Below is an excerpt from the 5/15/15 Barron's article S&P 500 Hits a New High of 2122.73:
By Vito J. Racanelli | May 15, 2015
Windstream Holdings (WIN) provides network communications, such as broadband Internet services, phone, and digital TV services, to businesses and residences. Based in Little Rock, Ark., it operates in 48 states, mostly in rural areas in the East and Midwest. On April 24, it spun off 80% of Communications Sales & Leasing (CSAL), a real-estate investment trust. Based on CSL’s $4.1 billion market capitalization, Windstream’s remaining 19.5% stake is almost equal to its entire market cap.
CSL owns, operates, and leases telecommunications assets, such as copper and fiber-optic lines, which were formerly owned by Windstream, its only customer.
As a tax-advantaged REIT, CSL is able to pass on most of its earnings to its shareholders in the form of dividends. It offers an attractive 8.7% yield on its $27.53 share price. The spinoff was done to capture the much higher valuations awarded to REITs than telecom operations.
Since the spinoff, Windstream shares have dropped from a high of $13 to $8.61, giving the company a market value of $868 million. Windstream’s remaining stake in CSL is worth about $800 million.
Stripping out the value of CSL would leave Windstream’s remaining operations with an implicit value of just $68 million, says William Mitchell, portfolio manager of the Spinoff & Reorg fund. Windstream could generate $5 billion in sales this year, and about $940 million in pro forma earnings before interest, taxes, depreciation, and amortization. That implies the Ebitda of the remaining operations are 14 times greater than the value of the operations themselves, says Mitchell, whose fund owns Windstream and is short CSL.
In a recent report using peer comparison valuations, Spin-Off Research, a specialist in sizing up such assets, put a $12 price target on Windstream.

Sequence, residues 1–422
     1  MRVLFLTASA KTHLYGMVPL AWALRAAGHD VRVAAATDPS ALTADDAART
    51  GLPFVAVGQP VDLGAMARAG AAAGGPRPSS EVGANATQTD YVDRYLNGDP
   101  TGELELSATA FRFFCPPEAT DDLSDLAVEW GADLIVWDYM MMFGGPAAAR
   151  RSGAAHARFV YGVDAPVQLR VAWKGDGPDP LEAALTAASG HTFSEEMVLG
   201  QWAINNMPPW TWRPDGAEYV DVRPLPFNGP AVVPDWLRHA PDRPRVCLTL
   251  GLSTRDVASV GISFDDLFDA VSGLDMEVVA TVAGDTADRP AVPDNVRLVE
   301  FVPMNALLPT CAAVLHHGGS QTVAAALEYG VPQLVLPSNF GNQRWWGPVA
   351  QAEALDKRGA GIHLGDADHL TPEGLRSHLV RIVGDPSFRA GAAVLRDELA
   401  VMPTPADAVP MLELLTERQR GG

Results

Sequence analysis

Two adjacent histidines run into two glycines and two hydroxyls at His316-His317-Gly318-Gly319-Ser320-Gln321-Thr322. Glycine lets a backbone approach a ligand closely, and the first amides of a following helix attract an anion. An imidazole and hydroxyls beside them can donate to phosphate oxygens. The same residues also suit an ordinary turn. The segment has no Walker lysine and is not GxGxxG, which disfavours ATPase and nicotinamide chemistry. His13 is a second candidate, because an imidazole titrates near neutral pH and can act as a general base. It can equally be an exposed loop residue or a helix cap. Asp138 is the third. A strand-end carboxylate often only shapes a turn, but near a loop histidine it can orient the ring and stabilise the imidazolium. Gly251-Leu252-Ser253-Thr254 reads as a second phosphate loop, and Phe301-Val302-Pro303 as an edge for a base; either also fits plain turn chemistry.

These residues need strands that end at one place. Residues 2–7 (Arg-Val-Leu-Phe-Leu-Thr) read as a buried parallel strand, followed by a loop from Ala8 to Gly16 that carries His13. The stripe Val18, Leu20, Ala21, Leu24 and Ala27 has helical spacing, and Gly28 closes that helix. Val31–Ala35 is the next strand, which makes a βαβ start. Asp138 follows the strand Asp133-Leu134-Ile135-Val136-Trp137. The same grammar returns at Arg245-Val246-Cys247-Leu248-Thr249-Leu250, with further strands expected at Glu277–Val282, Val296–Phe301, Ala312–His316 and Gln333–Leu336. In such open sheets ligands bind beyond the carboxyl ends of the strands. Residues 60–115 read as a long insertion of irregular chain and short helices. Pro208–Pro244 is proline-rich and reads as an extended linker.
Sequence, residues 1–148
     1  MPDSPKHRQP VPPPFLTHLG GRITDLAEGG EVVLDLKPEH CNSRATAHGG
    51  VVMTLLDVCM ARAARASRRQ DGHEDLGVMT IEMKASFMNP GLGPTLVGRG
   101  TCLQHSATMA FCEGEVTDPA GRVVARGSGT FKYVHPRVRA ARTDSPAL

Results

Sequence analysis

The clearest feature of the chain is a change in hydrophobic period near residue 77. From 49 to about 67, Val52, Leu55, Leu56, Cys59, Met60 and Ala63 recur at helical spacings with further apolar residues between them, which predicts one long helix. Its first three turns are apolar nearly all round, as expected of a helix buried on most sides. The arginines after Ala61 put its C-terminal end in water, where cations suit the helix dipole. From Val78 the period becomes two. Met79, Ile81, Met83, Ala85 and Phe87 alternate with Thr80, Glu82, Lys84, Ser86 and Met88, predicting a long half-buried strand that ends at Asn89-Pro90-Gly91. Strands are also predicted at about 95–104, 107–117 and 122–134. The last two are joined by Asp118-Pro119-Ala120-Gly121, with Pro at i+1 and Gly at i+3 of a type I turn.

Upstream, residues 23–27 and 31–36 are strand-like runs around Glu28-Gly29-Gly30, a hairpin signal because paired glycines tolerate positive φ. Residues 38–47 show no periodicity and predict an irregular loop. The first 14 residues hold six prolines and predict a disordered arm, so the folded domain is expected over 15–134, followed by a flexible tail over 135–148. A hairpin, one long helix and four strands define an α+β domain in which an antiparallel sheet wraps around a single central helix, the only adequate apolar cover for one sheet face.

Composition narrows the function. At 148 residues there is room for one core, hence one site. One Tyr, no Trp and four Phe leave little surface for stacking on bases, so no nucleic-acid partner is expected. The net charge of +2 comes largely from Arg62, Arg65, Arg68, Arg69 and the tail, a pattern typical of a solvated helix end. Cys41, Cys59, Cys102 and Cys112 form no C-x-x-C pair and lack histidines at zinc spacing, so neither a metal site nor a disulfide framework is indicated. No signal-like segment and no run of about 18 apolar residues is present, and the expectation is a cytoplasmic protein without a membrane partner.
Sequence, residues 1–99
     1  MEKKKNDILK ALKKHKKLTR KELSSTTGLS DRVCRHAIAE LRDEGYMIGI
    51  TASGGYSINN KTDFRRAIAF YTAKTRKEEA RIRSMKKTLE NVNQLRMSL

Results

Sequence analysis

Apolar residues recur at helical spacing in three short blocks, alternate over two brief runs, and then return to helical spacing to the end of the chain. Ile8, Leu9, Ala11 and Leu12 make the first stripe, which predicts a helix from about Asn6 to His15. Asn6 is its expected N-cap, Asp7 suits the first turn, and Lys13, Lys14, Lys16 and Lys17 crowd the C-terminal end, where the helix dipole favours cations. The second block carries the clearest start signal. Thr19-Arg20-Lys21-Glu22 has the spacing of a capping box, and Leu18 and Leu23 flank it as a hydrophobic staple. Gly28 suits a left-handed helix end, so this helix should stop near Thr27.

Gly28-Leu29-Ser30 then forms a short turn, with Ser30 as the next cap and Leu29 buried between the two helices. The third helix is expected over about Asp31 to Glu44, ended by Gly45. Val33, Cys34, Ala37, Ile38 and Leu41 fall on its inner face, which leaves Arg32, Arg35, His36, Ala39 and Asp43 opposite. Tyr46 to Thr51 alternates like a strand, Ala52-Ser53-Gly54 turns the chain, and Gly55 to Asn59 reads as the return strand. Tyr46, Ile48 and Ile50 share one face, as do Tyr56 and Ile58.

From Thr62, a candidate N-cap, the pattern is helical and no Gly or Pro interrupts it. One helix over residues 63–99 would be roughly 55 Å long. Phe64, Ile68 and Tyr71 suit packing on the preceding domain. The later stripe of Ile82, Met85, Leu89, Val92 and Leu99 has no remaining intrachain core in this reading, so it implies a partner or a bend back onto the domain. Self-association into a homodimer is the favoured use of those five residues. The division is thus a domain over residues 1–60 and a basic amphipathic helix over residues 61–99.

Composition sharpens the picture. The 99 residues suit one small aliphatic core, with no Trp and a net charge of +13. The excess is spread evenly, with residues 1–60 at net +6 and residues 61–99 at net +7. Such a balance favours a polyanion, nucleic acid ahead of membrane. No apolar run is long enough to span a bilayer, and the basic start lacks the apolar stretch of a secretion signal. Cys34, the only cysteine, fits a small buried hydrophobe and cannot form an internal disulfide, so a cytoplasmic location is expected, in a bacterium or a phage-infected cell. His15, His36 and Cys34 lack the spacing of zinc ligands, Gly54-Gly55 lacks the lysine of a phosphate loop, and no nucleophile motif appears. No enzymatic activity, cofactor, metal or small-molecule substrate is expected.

How can this carrier seemingly be so mispriced? Mitchell says both parent and spinoff aren’t well-known names on Wall Street and operate in a small segment of an industry not particularly popular with investors. Moreover, before the spinoff, many Windstream shareholders were probably high-yield-seeking investors. Following the spinoff, they probably kept CSL, with its generous yield, but sold Windstream, which was yielding 1.1%, not including dividends from its remaining CSL stake.
Is the nation’s largest rural carrier, with annual revenue of more than $5 billion, really going to have a market value of just $68 million? Probably not, Mitchells says.
Windstream has its problems, and operates in a challenging industry. Revenue continues to decline. Operating margins are expected to contract from 37% last year to 34% or so this year, and possibly less in the future. Windstream has debt of $5.25 billion, some of which it intends to pay down through the sale of its remaining CSL stake, compared to $856 million in shareholders’ equity, pro forma. Mitchell notes that long-term debt doesn’t mature until 2019, “giving it plenty of breathing space” to put its business on a better footing.
Windstream is a short-term buy, not a long-term investment, and vigilance is required. Institutional investors might consider buying Windstream and shorting CSI to focus on the investment in Windstream alone, although individual investors might not be so intrepid on the short side.
To view the entire article on barrons.com click here: S&P 500 Hits a New High of 2122.73